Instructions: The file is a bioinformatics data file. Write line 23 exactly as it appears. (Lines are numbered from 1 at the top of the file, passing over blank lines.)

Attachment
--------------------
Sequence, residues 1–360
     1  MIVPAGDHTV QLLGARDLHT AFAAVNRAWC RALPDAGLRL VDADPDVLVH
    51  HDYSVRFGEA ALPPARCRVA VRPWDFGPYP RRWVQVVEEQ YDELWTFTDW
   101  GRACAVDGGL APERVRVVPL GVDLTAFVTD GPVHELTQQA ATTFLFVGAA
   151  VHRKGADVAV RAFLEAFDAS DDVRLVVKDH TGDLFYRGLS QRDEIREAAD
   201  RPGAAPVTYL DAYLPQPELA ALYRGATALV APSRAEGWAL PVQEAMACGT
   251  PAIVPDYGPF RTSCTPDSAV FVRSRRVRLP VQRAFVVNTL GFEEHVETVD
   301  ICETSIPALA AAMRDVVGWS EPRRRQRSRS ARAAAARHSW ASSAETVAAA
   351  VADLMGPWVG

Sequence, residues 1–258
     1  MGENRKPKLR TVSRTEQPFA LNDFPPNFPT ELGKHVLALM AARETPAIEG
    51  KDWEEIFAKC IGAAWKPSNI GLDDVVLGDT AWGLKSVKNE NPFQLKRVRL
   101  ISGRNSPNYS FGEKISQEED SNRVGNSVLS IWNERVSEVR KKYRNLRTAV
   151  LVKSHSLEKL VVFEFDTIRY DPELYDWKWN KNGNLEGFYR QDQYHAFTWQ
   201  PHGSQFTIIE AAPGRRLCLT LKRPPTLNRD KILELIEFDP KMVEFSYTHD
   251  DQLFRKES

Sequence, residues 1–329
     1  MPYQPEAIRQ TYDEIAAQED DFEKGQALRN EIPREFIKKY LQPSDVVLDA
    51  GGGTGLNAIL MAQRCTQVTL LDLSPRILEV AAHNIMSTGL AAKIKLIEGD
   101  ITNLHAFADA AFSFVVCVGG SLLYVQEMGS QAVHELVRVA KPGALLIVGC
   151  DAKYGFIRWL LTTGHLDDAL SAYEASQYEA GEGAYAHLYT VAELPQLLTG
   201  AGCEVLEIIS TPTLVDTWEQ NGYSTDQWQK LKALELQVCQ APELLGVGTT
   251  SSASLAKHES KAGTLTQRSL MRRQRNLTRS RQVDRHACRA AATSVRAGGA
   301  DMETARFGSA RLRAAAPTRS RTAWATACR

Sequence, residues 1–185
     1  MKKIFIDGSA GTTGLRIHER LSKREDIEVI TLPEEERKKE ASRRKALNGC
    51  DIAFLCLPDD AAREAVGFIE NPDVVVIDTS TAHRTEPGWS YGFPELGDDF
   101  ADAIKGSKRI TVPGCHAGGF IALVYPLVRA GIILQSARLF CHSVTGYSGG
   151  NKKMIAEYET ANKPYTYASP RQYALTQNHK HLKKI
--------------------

   251  SSASLAKHES KAGTLTQRSL MRRQRNLTRS RQVDRHACRA AATSVRAGGA